Lab 6: Random Expressions

This week is the first of two labs that deal with Expression Trees. You will want to be sure to finish this week's lab before next Tuesday, but your work for the two labs will be turned in together, two weeks from the date of this lab.

The basic idea here is that we imagine that we have a set of sample data, and we would like to find an expression that matches that data as well as possible. The data is in the form of input/output pairs. That is, we have a set of input values to some function or physical process, and we have the output that is produced for each input value. We would like to find an expression that will give approximately the same output for each of the sample input values.

In order to do this, we can try generating random expressions. The expressions can include the variable "x" to represent the value of an input. Each expression that we generate can be tested on all the sample inputs, and we can keep track of which expression gives the best overall approximation to the sample outputs. After a certain amount of time, we simply take the best expression that we have found so far.

For this lab, you will implement the procedure described in the preceding
paragraph. Next week, we will try to apply *genetic programming* to the
problem and see how much better it does (if at all).

The file */classes/s09/cs225/Expressions.java*
contains several static
nested classes that define expression nodes, as we discussed in class. **You
should get a copy of this file and add it to your Eclipse project.** To keep
things simple, you can add put the code that you write for the two
labs into this file.

The file contains a recursive *copy()* method that makes a full copy of
an expression tree. You will need this method next week, but for now it just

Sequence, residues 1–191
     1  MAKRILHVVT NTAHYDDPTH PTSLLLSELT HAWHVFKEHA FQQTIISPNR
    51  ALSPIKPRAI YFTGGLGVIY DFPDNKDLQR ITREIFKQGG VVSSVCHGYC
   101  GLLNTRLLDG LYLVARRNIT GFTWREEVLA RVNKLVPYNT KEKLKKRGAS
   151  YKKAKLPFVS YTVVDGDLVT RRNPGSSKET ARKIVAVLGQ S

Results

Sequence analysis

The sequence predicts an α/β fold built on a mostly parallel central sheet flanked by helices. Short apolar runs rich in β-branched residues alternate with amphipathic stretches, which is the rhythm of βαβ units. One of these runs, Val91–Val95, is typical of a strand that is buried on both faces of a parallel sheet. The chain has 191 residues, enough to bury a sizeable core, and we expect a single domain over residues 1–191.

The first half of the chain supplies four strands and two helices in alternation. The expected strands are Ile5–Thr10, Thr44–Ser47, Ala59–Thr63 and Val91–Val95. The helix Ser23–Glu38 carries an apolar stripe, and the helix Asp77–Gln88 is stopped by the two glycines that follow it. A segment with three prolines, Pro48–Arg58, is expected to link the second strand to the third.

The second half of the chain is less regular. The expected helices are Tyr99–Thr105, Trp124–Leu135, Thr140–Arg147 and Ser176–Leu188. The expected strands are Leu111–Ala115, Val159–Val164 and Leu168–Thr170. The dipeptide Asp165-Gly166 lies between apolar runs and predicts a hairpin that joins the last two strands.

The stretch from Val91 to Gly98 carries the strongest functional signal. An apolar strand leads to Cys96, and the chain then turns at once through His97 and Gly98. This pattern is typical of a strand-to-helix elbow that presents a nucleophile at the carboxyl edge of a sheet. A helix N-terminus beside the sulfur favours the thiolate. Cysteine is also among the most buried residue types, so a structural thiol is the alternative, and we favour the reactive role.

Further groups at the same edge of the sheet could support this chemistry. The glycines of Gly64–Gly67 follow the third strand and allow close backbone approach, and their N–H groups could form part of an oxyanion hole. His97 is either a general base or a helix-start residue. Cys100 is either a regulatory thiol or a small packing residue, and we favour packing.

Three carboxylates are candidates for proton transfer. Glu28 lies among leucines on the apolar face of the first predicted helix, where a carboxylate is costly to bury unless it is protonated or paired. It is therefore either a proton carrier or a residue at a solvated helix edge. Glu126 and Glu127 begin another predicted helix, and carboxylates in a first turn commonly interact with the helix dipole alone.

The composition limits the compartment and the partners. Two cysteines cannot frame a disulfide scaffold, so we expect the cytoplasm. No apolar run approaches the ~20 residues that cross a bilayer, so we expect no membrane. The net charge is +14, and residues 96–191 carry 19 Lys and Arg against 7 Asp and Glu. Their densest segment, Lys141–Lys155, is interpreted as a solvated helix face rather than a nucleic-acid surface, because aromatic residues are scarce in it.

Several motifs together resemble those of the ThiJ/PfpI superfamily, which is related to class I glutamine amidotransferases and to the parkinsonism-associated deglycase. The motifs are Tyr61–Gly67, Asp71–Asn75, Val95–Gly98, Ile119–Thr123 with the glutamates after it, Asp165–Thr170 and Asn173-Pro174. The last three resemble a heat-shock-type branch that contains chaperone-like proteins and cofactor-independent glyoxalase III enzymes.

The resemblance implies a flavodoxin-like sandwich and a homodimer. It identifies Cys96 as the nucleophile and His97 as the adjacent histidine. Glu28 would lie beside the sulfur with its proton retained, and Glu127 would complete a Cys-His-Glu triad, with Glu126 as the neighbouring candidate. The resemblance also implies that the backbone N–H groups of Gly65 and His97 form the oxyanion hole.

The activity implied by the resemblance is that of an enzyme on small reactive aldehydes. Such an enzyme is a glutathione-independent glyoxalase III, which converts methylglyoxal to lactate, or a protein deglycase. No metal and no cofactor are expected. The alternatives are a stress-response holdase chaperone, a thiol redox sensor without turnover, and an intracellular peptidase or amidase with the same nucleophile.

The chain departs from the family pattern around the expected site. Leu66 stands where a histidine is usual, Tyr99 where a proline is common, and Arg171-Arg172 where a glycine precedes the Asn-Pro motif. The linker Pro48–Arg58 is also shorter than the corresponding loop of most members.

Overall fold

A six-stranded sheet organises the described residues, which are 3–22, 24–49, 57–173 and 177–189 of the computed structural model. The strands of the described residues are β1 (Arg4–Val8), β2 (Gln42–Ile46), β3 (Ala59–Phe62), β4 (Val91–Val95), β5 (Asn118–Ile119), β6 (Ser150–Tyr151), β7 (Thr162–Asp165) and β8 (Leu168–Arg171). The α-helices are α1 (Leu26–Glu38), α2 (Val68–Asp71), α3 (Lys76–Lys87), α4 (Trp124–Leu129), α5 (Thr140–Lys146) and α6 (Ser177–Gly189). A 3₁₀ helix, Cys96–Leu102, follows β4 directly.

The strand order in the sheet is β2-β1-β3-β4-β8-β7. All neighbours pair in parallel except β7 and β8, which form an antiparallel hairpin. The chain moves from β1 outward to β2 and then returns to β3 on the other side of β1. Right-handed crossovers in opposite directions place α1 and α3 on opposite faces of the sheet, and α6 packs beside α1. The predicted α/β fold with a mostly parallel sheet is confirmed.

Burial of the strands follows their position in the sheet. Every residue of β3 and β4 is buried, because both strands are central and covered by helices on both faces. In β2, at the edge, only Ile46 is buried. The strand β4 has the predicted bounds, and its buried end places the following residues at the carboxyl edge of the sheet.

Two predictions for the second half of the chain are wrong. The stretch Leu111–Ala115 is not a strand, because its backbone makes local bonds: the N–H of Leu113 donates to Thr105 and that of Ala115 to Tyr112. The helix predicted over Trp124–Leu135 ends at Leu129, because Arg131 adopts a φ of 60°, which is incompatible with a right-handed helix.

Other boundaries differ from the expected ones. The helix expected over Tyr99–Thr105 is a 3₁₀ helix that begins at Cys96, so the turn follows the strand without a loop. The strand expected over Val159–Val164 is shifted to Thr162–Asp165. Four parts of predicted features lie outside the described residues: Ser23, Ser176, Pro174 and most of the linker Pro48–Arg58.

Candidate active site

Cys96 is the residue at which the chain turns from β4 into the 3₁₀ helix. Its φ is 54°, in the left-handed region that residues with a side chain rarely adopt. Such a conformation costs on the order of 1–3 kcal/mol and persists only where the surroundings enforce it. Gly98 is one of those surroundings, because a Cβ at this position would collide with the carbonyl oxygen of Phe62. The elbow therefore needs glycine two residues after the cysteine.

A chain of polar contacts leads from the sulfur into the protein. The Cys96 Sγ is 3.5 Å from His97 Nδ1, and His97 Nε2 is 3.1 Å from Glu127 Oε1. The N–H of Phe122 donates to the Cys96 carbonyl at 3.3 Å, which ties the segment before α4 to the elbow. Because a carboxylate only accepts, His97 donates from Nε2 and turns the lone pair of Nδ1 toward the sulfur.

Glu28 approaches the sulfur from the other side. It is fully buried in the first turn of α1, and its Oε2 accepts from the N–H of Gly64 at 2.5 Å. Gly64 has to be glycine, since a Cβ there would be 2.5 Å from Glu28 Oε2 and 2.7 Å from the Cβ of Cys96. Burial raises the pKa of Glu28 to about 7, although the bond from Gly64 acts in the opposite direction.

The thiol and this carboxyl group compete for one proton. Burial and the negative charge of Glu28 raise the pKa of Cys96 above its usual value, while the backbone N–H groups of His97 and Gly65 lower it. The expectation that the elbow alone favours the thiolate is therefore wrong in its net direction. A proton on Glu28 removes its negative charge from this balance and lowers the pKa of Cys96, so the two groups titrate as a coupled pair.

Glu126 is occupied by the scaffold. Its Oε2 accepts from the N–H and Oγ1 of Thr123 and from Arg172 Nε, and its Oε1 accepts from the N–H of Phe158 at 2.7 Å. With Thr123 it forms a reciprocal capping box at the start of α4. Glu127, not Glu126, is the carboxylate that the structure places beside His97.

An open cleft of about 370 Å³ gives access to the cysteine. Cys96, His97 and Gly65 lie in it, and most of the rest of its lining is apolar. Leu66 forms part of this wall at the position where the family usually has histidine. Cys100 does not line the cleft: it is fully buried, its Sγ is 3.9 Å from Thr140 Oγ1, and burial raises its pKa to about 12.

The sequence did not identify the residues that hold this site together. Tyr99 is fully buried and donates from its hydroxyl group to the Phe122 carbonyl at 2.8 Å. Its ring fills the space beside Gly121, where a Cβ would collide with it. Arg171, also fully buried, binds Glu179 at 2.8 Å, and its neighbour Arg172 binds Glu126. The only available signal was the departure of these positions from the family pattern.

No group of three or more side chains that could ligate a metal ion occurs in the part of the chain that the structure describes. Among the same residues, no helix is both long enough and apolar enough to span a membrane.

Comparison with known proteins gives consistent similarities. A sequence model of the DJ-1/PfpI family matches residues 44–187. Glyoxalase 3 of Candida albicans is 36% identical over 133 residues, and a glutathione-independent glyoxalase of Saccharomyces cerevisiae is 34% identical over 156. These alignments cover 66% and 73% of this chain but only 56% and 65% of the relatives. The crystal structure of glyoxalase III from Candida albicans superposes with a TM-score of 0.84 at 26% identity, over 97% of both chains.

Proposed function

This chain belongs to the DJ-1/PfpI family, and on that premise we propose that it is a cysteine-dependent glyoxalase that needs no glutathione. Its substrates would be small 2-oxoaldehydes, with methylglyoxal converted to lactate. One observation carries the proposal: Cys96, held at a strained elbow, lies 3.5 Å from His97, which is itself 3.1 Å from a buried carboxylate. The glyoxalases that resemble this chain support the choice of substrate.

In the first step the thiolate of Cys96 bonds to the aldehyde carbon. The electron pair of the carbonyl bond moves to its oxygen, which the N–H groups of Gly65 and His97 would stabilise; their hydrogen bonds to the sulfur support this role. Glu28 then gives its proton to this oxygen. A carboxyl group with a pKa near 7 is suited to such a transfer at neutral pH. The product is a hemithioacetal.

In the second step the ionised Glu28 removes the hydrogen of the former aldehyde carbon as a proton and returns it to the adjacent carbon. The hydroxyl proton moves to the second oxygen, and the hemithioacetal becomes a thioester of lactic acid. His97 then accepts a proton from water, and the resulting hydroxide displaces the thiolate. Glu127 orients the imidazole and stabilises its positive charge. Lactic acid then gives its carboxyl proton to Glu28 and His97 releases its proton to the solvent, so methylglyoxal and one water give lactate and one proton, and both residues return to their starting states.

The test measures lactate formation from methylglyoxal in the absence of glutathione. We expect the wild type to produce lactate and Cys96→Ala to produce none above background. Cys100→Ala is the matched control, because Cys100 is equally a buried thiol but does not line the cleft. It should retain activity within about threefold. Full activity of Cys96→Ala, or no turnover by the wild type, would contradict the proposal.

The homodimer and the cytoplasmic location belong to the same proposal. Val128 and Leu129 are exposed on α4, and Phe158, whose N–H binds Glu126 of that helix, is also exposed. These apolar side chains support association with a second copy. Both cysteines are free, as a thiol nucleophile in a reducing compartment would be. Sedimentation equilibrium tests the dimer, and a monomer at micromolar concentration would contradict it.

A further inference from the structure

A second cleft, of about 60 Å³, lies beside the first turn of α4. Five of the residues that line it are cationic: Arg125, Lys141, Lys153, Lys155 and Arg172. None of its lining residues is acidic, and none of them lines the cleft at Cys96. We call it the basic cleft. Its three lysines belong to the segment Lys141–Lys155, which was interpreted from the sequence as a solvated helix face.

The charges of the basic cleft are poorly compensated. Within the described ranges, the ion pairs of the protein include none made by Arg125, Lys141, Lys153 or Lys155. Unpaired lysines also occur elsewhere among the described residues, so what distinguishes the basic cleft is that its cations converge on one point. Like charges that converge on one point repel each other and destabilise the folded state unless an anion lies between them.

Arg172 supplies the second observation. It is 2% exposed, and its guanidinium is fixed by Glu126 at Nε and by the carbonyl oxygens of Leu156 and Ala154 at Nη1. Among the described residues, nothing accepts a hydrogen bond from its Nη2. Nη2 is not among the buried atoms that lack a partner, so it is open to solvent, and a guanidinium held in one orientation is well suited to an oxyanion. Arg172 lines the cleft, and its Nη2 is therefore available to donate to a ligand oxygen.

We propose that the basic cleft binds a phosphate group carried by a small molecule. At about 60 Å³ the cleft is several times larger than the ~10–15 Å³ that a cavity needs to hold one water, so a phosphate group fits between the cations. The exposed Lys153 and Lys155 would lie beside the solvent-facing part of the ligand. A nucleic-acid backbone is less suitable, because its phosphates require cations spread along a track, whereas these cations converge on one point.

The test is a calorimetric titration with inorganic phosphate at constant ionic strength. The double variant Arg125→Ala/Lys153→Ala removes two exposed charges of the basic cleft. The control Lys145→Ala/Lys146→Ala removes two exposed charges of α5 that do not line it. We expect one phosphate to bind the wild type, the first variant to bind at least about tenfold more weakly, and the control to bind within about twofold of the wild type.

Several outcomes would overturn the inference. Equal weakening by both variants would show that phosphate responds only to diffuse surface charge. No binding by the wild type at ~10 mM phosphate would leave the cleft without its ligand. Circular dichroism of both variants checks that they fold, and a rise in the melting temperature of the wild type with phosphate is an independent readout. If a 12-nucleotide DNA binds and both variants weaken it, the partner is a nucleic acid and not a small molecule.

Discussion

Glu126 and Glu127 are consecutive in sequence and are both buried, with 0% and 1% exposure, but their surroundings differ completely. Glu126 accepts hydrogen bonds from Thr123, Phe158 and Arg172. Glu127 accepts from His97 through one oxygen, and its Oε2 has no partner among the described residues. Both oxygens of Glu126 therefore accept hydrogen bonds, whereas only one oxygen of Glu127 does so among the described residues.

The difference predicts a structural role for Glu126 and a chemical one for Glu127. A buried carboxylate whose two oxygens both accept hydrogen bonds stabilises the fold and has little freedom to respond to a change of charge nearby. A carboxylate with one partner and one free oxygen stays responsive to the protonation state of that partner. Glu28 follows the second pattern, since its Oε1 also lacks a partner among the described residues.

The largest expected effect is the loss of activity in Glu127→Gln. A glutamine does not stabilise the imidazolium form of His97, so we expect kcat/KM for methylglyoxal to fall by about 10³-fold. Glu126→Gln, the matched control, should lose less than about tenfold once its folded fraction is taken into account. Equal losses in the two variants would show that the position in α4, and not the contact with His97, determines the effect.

serves as a model of recursive tree processing. It might help you to think about
the *randomExpression()* method that you will have to write.
The file also contains a
*makeTestData()* method that is meant to produce the sample input/output
data that you want to match. Finally, there is a *main()* method whose
purpose is to test the other stuff in the file; you will have to replace this
method.

Your first task is to write a recursive method that creates a random expression. You don't want to make a tremendously complex expression (and certainly not one that is infinitely long...), so the method should have a parameter that limits the "height" of the expression tree. The height is the greatest number of steps from the "root" of the tree to one of the "leaves" at the bottom of the tree. In the recursive method, the height of the tree is the same as the number of levels in the recursion. The method should have a parameter should represent the maximum height:

static ExpNode randomExpression(int maxHeight) {...

The method can randomly decide what type of node to create. If *maxHeight* is
zero, the only possibilities should be a constant node or a variable node.
If the maxHeight is greater than zero, any type of node is possible (even